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5 Crucial Safety Measures For A Post COVID-19 Workplace

5 Crucial Safety Measures For A Post COVID-19 Workplace

Mar 19 2021 at 11:12

Initially, only essential services and projects were allowed to keep running during the COVID-19 crisis. However, once the pandemic stabilised - many businesses were given permission to reopen, and as such -  many industries have had to alter their usual ways of operating.

Fortunately, this reduced activity has provided the opportunity to continue some major construction projects. For instance,highway projects are being pushed ahead of their schedules. Hence, as an employer, you might be hiring more employees to assist the projects. If you are expanding your lifting team, the WSQ-Performing Rigger and Signalman Task course is essential for new riggers and signalman. The course will teach them how to utilise the standard signals together with a variety of rigging techniques

In order to resume operations, industries required guidelines or Safe Management Measures (SMM) that focus on workplace safety. Construction sites are highly interactive and had to construct a framework that allows employees to work efficiently while preventing the spread of the virus.

1. Screening

It has become necessary for people to have their temperature screened before accessing any public building or public transport. And similarly, the same screening is done at construction sites. Given that high temperature is a symptom of the virus, it quickly proves who may be infected. 

Employees should therefore be screened either with laser thermometers or thermal guns before they access the site. Any person found to have a fever should be sent home to self-isolate and recover, preventing possible exposure to the others on site.

Aside from screening being a necessity, workers resuming operations during the COVID-19 period should receive the appropriate training to maintain a safe working environment and minimise risks of potential or further outbreaks. At Wong Fong Academy (WFA), our COVID-19 Safe Management Officer (SMO) Training course provides SMOs with the skills to carry out their duties effectively.

2. Protective masks

Employees should wear protective face masks as much as possible. With regular interactions, employees will be in close contact with each other for most of the day. These working conditions, if not well-checked, can place your employees at high risk of exposure. 

Assuming that some are asymptomatic carriers of the virus, these masks would be efficient in keeping others from contracting it. The occupational health and safety authority recommends that employees use face masks at work. The masks should be worn correctly at all times, covering both the mouth and nose. 

3. Disinfection schedules

Construction sites now have to include regular cleaning and disinfection into their daily schedule. As these sites tend to be dirty and grimy, it significantly increases the risk of exposure. Hence, supervisors are expected to enforce this cleaning schedule for sites operating in this period – cleaning is to be done with disinfectant wipes, alcohol-based sanitisers or even soap and water.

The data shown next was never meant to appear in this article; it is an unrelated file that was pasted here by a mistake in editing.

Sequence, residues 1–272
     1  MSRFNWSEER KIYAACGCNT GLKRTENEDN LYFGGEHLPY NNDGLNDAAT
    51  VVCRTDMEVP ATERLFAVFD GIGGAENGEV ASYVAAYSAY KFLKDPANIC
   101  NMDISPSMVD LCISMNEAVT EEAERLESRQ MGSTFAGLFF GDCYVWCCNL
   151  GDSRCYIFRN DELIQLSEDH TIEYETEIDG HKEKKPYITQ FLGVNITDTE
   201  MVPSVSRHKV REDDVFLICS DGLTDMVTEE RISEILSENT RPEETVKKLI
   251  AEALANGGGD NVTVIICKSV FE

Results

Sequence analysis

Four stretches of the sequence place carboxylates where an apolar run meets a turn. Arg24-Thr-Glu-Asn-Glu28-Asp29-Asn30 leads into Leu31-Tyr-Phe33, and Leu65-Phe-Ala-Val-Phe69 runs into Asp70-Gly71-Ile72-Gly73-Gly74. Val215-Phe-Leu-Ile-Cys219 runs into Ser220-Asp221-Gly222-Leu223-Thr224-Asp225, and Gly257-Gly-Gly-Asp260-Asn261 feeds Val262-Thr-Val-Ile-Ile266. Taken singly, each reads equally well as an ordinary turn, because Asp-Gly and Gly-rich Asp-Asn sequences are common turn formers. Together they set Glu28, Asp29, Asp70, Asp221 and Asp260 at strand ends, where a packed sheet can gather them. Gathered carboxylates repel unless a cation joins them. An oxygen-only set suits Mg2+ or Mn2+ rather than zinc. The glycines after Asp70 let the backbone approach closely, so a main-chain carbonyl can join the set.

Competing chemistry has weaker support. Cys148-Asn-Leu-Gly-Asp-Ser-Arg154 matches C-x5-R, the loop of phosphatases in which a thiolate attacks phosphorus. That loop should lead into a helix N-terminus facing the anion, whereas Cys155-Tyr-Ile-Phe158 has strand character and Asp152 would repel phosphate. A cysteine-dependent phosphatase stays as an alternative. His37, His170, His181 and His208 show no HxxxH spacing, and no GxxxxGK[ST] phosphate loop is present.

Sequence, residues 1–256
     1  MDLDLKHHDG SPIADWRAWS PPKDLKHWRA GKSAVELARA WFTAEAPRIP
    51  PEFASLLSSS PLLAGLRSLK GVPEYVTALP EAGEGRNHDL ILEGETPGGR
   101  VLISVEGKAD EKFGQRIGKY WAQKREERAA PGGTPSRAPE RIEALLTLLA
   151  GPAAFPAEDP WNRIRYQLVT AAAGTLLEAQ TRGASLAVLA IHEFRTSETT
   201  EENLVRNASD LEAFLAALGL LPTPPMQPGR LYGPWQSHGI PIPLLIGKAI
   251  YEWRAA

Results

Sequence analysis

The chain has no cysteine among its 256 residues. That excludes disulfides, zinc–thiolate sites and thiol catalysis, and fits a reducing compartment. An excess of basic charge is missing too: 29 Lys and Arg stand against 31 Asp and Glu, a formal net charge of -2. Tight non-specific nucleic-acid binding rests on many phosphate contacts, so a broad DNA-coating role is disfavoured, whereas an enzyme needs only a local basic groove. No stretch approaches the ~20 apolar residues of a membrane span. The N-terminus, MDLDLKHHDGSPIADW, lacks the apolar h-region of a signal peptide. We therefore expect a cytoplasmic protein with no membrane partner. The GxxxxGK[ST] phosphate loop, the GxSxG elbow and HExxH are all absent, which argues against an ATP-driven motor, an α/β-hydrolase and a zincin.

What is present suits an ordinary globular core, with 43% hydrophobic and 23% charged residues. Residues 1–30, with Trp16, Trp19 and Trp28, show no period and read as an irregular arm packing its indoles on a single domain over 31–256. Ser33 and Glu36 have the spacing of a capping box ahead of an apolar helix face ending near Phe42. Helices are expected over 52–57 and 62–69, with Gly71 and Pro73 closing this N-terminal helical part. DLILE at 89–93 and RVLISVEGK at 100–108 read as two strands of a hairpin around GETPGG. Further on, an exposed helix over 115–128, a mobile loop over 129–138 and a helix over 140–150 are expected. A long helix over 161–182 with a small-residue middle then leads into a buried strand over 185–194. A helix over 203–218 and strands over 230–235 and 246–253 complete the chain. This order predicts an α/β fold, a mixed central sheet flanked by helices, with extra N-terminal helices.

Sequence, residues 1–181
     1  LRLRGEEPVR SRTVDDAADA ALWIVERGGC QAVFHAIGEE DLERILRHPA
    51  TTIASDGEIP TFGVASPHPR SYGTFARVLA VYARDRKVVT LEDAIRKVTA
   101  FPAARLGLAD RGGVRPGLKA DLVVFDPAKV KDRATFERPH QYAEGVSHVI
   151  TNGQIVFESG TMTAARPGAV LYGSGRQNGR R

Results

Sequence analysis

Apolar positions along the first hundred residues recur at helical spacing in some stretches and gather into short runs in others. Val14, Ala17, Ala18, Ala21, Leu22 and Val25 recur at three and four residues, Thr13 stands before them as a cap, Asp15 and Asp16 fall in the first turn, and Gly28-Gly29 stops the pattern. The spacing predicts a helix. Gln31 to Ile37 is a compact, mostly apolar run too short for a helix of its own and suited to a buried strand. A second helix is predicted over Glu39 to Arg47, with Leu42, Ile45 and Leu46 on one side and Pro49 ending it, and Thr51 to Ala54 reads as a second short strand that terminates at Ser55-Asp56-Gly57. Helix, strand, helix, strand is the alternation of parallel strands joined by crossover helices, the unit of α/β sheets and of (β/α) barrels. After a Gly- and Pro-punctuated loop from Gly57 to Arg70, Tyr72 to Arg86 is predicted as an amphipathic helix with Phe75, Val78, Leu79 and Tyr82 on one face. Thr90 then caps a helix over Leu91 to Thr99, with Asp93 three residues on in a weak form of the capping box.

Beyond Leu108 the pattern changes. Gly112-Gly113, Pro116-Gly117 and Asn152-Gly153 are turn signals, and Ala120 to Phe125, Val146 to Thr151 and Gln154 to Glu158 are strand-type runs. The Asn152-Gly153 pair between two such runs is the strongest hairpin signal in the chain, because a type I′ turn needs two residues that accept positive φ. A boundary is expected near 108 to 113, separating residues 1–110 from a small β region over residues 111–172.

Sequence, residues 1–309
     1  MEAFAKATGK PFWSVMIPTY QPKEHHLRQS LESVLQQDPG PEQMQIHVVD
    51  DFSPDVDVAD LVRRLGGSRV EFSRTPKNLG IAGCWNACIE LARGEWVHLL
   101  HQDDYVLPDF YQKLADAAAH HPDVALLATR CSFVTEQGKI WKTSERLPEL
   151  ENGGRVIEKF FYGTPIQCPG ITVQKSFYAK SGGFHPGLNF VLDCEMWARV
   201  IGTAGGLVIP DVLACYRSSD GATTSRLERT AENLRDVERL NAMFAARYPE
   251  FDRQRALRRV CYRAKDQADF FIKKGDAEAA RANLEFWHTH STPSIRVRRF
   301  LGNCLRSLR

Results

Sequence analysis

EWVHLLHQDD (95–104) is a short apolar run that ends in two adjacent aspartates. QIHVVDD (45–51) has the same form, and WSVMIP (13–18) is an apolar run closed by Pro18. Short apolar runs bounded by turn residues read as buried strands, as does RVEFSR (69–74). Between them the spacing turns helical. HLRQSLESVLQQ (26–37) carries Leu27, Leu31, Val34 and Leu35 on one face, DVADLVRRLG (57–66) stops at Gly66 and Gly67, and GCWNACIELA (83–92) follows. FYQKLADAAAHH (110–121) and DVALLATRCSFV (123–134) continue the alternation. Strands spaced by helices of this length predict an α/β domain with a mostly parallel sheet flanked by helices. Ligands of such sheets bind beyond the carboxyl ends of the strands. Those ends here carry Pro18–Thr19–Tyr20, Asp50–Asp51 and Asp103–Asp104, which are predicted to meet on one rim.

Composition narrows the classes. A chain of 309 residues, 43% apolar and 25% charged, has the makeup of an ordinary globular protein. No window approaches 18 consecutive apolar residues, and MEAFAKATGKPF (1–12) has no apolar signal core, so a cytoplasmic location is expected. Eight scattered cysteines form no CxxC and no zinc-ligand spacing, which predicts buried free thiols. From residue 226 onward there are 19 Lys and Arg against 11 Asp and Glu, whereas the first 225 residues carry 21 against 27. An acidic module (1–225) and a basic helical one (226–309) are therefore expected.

These disinfecting agents have shown their effectiveness against the coronavirus. However, they are not entirely sufficient so personal protective equipment (PPE’s) should be used whenever possible. Clear guidelines on workplace social distancing should support safety measures. During construction safety training, employees should be advised to disinfect shared equipment frequently.

4. Paid leave

Many construction employees often feel the need to show up for work even when they feel sick as they have no other income sources. This act causes others on-site to be at risk of exposure. 

Hence, employees not well should be given a provision or paid leave. The amount should be adequate to care for themselves during the recommended two-week isolation time. 

5. Prioritise

While these measures may seem costly, they are more efficient in the long term. These measures help you protect your employees while resuming usual operations. It would be more costly to shut down operations due to a widespread infection. 

Your employees’ safety and health should be a priority over factors such as short-term productivity, deadlines and profitability. Construction companies should do all they can to keep their employees healthy and safe, especially in these times. 

As such, COVID-19 safety measures aside, workplaces should instil even the most basics of workplace safety practices. For instance, the Apply Workplace Safety and Health in Construction Sites (CSOC) ensures a good orientation for a construction worker before work commences.

A healthy workforce translates into a productive one, especially in these turbulent times. Employees should take heed from these five safe yet straightforward measures.